Dissolution rate measurements

Slide

The dissolution rate is a measure of the actual release rate of the compound at the given particle size etc. in an aqueous media. It often varies considerably with solid form, e.g. particle size and shape (read more about dissolution theory). The rate of dissolution is of major importance in regard to the behaviour of the compound in vivo.  

Dissolution tests are used for: 

  • Ensuring that production processes are under control 
  • Formulation development: comparison of effect of different formulation on product performance 
  • Evaluation of the effect of different particle size batches on the dissolution 

For Material experts: 

Instrument and measuring principle 

The dissolution test equipment applied by Particle Analytical is a Vankel Dissolution Sampling Station. The concentrations are determined on a Varian UV-VIS spectrometer. The default solvent volume is 900 ml unless otherwise stated. The apparatus is equipped with a fibre optic sensor.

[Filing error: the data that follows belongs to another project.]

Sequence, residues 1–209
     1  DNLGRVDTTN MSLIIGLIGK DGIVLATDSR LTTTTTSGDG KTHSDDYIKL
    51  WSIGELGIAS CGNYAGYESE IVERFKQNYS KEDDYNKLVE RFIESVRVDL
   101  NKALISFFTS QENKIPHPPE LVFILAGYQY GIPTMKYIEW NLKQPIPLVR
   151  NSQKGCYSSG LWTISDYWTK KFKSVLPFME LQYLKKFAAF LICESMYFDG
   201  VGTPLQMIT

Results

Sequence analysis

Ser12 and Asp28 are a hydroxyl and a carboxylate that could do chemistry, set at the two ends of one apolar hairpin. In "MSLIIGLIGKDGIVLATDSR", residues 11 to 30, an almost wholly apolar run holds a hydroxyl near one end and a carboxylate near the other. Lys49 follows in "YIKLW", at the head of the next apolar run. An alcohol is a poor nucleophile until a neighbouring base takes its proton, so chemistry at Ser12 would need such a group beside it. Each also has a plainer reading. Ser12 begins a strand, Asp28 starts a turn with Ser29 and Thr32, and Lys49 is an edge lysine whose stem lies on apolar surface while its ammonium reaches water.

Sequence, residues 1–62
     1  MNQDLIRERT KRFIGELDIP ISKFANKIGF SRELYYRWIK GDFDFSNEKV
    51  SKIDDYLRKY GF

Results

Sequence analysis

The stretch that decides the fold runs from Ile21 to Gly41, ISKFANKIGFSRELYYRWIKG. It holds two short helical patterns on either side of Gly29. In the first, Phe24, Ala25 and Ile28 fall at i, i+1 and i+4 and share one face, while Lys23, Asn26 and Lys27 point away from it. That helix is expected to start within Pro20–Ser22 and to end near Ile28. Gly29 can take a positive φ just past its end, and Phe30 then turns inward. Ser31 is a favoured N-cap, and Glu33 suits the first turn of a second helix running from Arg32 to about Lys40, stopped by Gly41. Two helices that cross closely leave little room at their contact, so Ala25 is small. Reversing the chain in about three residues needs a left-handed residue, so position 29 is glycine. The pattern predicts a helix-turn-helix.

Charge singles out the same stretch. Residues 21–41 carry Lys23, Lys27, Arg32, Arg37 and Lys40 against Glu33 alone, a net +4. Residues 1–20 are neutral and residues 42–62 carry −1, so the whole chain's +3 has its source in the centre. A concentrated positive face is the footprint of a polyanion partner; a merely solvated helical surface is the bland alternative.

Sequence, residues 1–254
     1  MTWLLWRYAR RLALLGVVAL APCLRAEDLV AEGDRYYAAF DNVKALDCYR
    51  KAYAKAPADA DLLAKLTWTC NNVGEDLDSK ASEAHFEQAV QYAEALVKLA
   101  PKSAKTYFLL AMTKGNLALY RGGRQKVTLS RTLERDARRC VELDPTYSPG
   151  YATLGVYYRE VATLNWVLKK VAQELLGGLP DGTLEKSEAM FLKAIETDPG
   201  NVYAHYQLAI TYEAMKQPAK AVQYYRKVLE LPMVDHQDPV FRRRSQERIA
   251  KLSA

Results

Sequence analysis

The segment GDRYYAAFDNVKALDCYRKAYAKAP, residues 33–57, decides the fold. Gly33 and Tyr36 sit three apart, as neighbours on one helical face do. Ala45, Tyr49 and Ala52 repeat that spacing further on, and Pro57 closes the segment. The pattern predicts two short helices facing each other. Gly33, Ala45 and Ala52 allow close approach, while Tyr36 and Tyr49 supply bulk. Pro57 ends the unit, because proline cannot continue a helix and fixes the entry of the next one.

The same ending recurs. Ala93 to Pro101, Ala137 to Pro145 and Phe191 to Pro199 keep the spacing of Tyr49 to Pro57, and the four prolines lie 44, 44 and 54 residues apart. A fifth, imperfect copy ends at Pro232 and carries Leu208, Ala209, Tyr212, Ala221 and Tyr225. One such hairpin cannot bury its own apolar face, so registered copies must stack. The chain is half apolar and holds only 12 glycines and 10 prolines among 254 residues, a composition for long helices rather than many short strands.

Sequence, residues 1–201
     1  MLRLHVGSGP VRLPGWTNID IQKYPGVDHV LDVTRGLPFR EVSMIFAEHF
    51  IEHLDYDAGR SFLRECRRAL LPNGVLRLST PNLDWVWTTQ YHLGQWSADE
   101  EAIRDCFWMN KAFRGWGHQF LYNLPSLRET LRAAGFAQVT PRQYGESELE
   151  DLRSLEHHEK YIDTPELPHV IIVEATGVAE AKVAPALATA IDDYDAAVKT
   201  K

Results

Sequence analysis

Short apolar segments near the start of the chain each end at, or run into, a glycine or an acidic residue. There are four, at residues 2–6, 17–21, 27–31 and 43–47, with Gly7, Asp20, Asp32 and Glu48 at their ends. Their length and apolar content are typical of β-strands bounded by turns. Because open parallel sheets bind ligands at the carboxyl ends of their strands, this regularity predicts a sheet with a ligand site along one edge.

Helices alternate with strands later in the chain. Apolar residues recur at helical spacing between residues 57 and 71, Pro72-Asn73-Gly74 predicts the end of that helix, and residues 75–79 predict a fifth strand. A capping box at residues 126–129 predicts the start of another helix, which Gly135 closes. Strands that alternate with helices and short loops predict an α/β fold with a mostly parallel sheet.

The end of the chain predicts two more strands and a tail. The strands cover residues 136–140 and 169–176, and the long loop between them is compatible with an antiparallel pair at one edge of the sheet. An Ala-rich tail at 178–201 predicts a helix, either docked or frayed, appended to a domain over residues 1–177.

WHAT TYPE OF APPARATUS 

Instrument Vankel VK7000 /Versa Fiber optics 
USP/Ph. Eur. USP 〈711〉 /Ph.Eur. 2.9.3 (non-GMP)
Sample amount Depends on purpose (dissolution of tablet or powder – sink conditions). Max solvent volume: 900 ml 
Temperatures 25-50 °C 
Stirring rates 50 or 100 RPM 
Result Reported as a curve showing concentration over time (min) 
  • Evaluating the developability of a compound: Does the dose at the given particle size dissolve in vivo? This can be tested by examining the dissolution rate in different buffer solutions mimicking the physiological conditions (pH 1-8, Fessif, Fassif) 

Let’s Help!

Dr. Fozia Shah, Project Manager

OR

Consult our Experts

Dr. Wenbo Wang
QC Chemist

Dr. Anna Shevchenko
Principal Scientist

Literature

Abdou HM (1989) Dissolution, bioavailability & bioequivalence. Mack Publishing Co 

Hanson WA (1982) Handbook of dissolution testing. Pharmaceutical Technology 

Hintz RJ, Johnson KC (1989) The effect of particle size distribution on dissolution rate and oral absorption. International Journal of Pharmaceutics 51(1):9-17 

Rasenack N, Müller BW (2002) Dissolution rate enhancement by in situ micronisation of poorly water-soluble drugs. Pharmaceutical research 19(12):1894-1900  

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